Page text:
Exploring Puerto Rico’s Seamounts, Trenches, and Troughs

Media Resources

This media resources page provides members of the media with information; resources; and broadcast-, print-, and web-quality imagery developed during the Océano Profundo 2015: Exploring Puerto Rico’s Seamounts, Trenches and Troughs expedition.

Beginning in February 2015, the NOAA Office of Ocean Exploration and Research will lead a three-leg expedition aboard NOAA Ship Okeanos Explorer to explore unknown and poorly known deepwater regions around Puerto Rico and the U.S. Virgin Islands.

The ship will stop in San Juan between each leg.

On this page: Why? | Who? | Highlight Images and Videos | Press Releases | Background Info | Contact Info


This expedition will be some of the first deepwater exploration work ever conducted in targeted areas of the Caribbean, including the Puerto Rico Trench. We anticipate encountering deepwater habitats similar to what we have seen on other expeditions. In addition, we expect to improve understanding of seismic interactions in a tectonically active part of the ocean and gain knowledge about deepwater fisheries in the Caribbean.

It is important to explore this area for several reasons:

  • It is tectonically active, with seismic hazards
  • It includes a large section of U.S. Exclusive Economic Zone
  • One of the major fisheries in the area is deepwater snapper, but little is known about snapper populations there
  • It is of potential interest for marine protected area managers, those creating ocean usage planning maps, and sanctuary managers

The specific areas we will be exploring were identified by the ocean exploration community in 2013 as priorities for ocean exploration within the Caribbean region. The expedition will build on other exploration work done in the region by partners such as the Ocean Exploration Trust and NOAA National Ocean Service.

Interesting Highlights

Following two legs to collect baseline seafloor mapping data in targeted areas, the expedition will include approximately 20 remotely operated vehicle (ROV) dives, all of which will be live-streamed so scientists and the public can follow along. In addition, seafloor depth, bottom backscatter, water-column backscatter, sub-bottom profiles, and water temperature profile data will be collected with the ship’s sonars and XBT probes.

As one of the deepest places in the ocean, the Puerto Rico Trench offers opportunities for cutting-edge exploration of some of the least-understood habitats on the planet:

  • We will be conducting some of the first ROV work ever done around Puerto Rico in deep water (>500 meters).
  • We will be able to test our new (as of 2013) dual-body ROV system to its rated depth (up to 6,000 meters/~19,000 feet).
  • Mapping and dives will take place in 250-8,400 meters of water (820-27,500 feet).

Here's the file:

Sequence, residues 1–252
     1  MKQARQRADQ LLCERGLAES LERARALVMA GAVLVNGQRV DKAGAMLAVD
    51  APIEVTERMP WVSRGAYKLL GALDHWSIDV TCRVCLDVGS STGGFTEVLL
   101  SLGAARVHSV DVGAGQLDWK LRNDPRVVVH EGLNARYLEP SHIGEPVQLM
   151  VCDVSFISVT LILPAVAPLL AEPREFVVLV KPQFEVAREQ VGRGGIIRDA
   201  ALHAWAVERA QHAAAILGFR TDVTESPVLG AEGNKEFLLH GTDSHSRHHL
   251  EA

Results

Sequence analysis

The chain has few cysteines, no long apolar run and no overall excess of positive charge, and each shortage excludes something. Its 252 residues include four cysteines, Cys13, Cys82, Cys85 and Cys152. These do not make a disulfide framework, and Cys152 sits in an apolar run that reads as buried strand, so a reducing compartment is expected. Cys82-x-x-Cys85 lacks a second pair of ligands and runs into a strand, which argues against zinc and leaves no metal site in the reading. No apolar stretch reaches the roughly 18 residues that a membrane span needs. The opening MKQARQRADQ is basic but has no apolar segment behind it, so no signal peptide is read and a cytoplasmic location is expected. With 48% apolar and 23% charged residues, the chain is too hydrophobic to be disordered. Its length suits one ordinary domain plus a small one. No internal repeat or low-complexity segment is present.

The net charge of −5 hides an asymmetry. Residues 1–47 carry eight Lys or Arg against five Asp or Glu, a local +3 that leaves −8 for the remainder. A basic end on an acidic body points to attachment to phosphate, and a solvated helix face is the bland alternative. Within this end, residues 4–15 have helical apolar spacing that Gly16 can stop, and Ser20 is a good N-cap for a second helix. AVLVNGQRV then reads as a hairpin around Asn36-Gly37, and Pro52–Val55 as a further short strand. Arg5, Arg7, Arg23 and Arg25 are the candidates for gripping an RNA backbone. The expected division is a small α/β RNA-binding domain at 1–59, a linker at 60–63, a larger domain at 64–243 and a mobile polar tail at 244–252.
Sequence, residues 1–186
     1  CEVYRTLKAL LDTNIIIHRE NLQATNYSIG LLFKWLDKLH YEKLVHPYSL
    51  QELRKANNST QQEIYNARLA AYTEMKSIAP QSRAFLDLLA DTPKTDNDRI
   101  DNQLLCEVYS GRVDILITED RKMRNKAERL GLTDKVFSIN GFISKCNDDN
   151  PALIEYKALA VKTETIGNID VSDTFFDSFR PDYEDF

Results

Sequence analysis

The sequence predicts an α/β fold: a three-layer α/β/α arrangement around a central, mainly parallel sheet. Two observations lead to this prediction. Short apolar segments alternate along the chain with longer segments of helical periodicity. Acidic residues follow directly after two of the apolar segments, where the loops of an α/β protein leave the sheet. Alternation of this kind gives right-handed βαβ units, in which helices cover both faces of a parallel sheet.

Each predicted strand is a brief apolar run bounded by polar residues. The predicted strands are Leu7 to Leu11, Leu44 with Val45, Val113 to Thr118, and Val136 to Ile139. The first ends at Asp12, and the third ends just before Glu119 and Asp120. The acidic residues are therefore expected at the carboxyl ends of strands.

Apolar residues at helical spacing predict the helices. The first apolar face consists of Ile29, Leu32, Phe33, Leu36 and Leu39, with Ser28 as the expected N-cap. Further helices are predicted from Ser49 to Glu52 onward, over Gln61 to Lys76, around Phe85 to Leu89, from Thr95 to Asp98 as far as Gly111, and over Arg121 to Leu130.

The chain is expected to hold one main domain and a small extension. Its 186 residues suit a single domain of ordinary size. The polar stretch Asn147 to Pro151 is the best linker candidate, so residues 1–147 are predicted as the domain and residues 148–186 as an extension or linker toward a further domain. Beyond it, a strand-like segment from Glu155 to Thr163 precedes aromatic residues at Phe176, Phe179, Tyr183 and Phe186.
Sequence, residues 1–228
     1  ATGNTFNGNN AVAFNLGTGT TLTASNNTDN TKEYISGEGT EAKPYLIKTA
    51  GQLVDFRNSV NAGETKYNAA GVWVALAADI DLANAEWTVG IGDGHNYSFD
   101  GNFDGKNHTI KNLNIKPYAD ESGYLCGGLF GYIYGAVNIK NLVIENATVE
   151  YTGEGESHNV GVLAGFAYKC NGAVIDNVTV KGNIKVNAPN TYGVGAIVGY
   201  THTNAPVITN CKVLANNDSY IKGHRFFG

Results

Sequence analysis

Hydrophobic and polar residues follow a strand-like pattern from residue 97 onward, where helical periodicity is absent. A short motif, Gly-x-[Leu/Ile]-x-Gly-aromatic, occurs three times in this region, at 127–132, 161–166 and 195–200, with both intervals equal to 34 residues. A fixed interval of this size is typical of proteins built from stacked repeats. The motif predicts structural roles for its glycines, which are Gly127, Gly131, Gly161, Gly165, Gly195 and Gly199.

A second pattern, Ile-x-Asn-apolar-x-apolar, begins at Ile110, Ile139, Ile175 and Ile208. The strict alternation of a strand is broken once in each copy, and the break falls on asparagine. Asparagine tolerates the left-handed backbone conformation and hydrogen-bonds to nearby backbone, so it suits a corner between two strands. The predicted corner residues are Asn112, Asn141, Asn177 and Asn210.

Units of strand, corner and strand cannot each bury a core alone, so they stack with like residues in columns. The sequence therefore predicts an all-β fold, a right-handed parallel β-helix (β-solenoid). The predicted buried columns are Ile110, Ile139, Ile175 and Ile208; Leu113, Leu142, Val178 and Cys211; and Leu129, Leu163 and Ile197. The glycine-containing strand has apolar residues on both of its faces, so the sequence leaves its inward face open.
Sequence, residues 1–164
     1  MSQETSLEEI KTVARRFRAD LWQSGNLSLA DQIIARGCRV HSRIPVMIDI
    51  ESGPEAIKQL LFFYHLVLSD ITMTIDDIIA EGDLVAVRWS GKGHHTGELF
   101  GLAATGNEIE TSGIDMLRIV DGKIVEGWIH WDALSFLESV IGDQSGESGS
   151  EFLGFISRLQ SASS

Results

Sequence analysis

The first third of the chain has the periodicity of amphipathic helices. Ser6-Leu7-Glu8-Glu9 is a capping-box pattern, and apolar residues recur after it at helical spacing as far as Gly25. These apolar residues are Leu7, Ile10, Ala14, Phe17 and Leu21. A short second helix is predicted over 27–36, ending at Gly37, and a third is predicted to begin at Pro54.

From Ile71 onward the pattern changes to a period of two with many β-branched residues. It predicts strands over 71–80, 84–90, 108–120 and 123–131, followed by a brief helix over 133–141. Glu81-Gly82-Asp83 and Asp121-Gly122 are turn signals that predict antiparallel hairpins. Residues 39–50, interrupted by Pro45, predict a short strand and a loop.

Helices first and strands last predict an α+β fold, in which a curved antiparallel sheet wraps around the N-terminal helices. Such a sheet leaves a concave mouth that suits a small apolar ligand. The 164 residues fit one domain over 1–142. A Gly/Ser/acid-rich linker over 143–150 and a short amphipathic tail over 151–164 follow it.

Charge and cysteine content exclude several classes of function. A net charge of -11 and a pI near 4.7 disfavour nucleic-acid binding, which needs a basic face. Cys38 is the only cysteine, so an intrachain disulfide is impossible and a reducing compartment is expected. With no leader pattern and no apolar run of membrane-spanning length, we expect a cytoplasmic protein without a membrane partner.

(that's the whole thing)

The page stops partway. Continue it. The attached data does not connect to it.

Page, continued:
• We expect to map 25,000-30,000 square kilometers (9,500-11,000 square miles) of seafloor.
  • We will be conducting the first digital testing of the deepwater characteristics of the Puerto Rico Trench.


Activities during the third leg of the expedition will be primarily led by the four scientists listed below. They will coordinate input from multiple scientists participating from shore to plan dives, are the voices you hear on the live video feeds, and are primary participants in outreach events. For a full list of our on-ship team, please visit the Explorers page.

Andrea Quattrini

Andrea Quattrini

Science Co-Lead - Postdoctoral Researcher, U.S. Geological Survey Southeast Ecological Science Center

Dr. Quattrini is serving as the biological science lead during this expedition. She will help to coordinate the science objectives of both the shore-based and ship-based science teams during the exploration of poorly known deep-sea habitats around Puerto Rico and the U.S. Virgin Islands. Dr. Quattrini is interested in how biodiversity is generated and maintained in the deep sea. Specifically, she focuses on the relative roles of habitat heterogeneity and dispersal in shaping deep-sea coral and fish communities. Since 2002, she has participated in 22 research cruises using deep-submergence vehicles; she also has extensive experience with telepresence-enabled cruises. Dr. Quattrini is currently a post-doctoral researcher at the U.S. Geological Survey Southeast Ecological Science Center, in Gainesville, Florida. She received a Ph.D. in biology from Temple University, an M.S. in marine biology from the University of North Carolina at Wilmington, and a B.S. in biology from Millersville University.

Mike Cheadle

Mike Cheadle

Science Co-Lead - Associate Professor of Geology, University of Wyoming

Dr. Cheadle is serving as the geological science lead during this expedition. He will help to coordinate the science objectives of both the shore-based and ship-based science teams during the exploration of poorly known deep-sea habitats around Puerto Rico and the U.S. Virgin Islands. Dr. Cheadle is a geologist/geophysicist who studies the creation of oceanic crust at mid-ocean ridges. He became interested in marine exploration midway through his career after realizing that ocean basins are one of the last great frontiers of exploration on Earth. Dr. Cheadle has sailed on many U.S.- and Japanese-led research cruises and has studied mid-ocean ridges in the Atlantic, Indian, and Pacific oceans. He and his students have previously participated in Okeanos Explorer and Nautilus telepresence-enabled missions as on-shore scientists. Dr. Cheadle is an associate professor of geology at the University of Wyoming, in Laramie, Wyo. He holds a Ph.D. in geophysics from University of Cambridge, an M.S. in geophysics from Cornell University, and a B.A. in geology from Oxford University.